Michael Cohen, Trump’s lawyer, says he paid Stormy Daniels $130,000 out of own pocket


The latest twist in the tangled tale of what happened between President Donald Trump and an adult film star more than a decade ago has taken a new turn Tuesday, with Trump’s longtime personal lawyer claiming that he paid the porn star $130,000 out of his own pocket.

Michael Cohen, the lawyer who worked for Trump for over a decade, said in a statement obtained by Fox News that the 2016 transaction with Stomy Daniels was lawful and not a campaign contribution or campaign expenditure “by anyone.”

“Neither the Trump Organization nor the Trump campaign was a party to the transaction with Ms. Clifford, and neither reimbursed me for the payment, either directly or indirectly,” the statement read.

stormy cohen

Both Michael Cohen and Stormy Daniels have denied reports of a ‘hush money’ payoff.  (AP)

Trump met Stephanie Clifford, who goes by the name Stormy Daniels in films, at a golf event in 2006 — a year after Trump’s marriage to his wife, Melania. According to The Wall Street Journal’s report, Clifford began talking with ABC News in the fall of 2016 for a story involving an alleged relationship with Trump, but reached a $130,000 deal a month before the election, which prevented her from going public.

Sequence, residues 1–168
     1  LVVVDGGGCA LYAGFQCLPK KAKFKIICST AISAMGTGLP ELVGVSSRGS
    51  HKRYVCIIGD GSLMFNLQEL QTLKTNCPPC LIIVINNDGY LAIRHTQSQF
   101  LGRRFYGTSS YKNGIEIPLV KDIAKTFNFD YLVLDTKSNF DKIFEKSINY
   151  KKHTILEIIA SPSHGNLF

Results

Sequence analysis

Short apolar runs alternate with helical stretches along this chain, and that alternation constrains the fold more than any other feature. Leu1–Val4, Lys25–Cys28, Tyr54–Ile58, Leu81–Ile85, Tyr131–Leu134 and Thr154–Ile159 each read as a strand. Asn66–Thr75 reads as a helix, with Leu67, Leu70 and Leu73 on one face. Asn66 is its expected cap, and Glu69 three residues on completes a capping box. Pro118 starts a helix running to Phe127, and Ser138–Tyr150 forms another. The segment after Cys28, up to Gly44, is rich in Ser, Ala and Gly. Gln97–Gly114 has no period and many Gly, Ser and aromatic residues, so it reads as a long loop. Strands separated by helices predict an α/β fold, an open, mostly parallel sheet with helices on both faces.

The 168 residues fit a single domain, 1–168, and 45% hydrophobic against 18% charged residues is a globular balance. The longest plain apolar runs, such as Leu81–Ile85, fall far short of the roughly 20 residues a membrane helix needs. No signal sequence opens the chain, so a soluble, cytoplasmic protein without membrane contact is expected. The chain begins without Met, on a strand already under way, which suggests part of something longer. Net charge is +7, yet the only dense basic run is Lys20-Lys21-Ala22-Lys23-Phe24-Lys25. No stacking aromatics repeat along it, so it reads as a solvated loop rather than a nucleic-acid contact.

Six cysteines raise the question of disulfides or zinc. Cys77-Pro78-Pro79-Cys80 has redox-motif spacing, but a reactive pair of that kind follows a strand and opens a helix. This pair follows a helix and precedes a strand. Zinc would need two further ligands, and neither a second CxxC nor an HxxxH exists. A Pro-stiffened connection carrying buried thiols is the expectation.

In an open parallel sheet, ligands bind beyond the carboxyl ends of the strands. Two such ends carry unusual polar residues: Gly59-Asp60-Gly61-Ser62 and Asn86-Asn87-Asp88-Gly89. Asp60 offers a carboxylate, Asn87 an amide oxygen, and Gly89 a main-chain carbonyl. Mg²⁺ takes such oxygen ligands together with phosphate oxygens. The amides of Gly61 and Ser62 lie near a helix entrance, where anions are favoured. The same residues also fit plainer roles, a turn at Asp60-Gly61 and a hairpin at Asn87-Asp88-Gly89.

File- This May 6, 2009, shows Stormy Daniels visiting a local restaurant in downtown New Orleans. A tabloid magazine held back from publishing Daniels 2011 account of an alleged affair with Donald Trump after the future president's personal lawyer threatened to sue, four former employees of the tabloid's publisher told The Associated Press. (AP Photo/Bill Haber, File)

Stormy Daniels seen in 2009. Michael Cohen, President Trump’s personal lawyer, said he paid her $130,000 out of his own pocket.  (AP)

The New York Times first reported on Cohen’s payment. The paper said Cohen refused to answer follow-up questions like whether or not Trump knew about the payment.

Cohen told the paper that he had delivered a similar statement to the Federal Election Commission in response to a complaint filed by Common Cause, a government watchdog. The watchdog asked the FEC to investigate the source of the payment and determine whether it represented an excessive campaign contribution.

He called the allegations “without merit” and said he does not plan “to provide any further comment on the FEC matter.”

Fox News’ Ed Henry, Edmund DeMarche and The Associated Press contributed to this report.